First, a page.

Style Living Self Celebrity Geeky News and Views
In the Paper BrandedUp Hello! Create with us Privacy Policy

LOOK: 'Spirited Away' theatrical adaptation set photos depict memorable scenes from animated classic

By NICK GARCIA Published Mar 05, 2022 6:46 pm

Set photos of the theatrical adaptation of Studio Ghibli's Spirited Away are out, giving a glimpse of memorable scenes from Hayao Miyazaki's beloved animated classic.

Toho Co., the studio behind the adaptation, shared the photos on Facebook.

The uploaded photos include the scene where the protagonist Chihiro is being comforted by the character Haku in a field of flowers, which are depicted by actors adorned with blossoms.

Photos from Toby Olié/Toho Stage (left), Studio Ghibli (right)

The iconic scene between Chihiro and the character No-Face as they ride the Sea Train is also shown.

Photos from Toby Olié/Toho Stage (left), Studio Ghibli (right)

Toby Olié, puppetry designer and director, also shared more photos on his website and social media accounts.

"Adapting the limitless imagination of Hayao Miyazaki’s iconic animation for the stage," Olié wrote, "was both a monumental joy & challenge."

His post includes a look into the multi-armed character Kamaji.

Photos from Toby Olié/Toho Stage (left), Studio Ghibli (right)

In another tweet, he thanked followers for "all the kinds words, likes & shares of my previous tweet."

"I’m so happy people are liking our interpretations of such well loved characters," he said.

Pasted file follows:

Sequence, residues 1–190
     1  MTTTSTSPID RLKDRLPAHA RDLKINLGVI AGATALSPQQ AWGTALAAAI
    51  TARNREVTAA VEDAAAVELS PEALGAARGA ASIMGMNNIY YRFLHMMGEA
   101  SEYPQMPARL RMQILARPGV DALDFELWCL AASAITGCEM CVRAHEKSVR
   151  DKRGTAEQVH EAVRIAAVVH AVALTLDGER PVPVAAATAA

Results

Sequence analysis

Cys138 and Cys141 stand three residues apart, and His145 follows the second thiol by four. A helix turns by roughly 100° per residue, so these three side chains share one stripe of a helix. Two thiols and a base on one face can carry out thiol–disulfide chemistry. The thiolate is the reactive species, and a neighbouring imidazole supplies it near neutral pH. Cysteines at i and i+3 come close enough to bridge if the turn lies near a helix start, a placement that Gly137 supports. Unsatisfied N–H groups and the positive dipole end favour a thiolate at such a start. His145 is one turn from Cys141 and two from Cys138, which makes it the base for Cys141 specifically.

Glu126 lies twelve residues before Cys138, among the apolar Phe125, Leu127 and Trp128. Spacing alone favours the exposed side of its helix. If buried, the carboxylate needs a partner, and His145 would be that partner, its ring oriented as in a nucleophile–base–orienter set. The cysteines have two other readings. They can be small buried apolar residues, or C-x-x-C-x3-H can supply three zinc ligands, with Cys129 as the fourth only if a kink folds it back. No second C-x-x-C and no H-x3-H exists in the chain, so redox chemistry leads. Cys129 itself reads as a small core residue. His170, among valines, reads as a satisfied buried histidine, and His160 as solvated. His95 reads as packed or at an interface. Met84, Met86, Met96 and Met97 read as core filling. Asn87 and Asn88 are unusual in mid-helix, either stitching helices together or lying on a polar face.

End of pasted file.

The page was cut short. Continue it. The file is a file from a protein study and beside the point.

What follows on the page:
The show is being staged across Japan, starting at the Imperial Theatre in Tokyo in February and March. Osaka, Fukuoka, Sapporo and Nagoya will follow between April and July.

Toho Co. also hopes for the production to see performances in Asia and Europe.

Spirited Away tells the story of Chihiro, a 10-year-old girl who's heading to her family’s new home, only to be transported into the realm of supernatural beings. Chihiro faces various challenges as she returns to the human world.

It won Best Animated Feature Film at the 2003 Academy Awards, and is the first and only hand-drawn, non-American feature to ever get the title.

For 19 years, it was Japan's highest-grossing film in its box-office history with a lifetime gross sales of at least 30 billion yen (over P13 billion) until December 2020, when it was surpassed by Demon Slayer: Kimetsu no Yaiba the Movie: Mugen Train.

The stage adaptation is helmed by Tony- and Olivier-winning English director John Caird, who also took the reins in Les Miserablés and The Life of Nicholas Nickleby.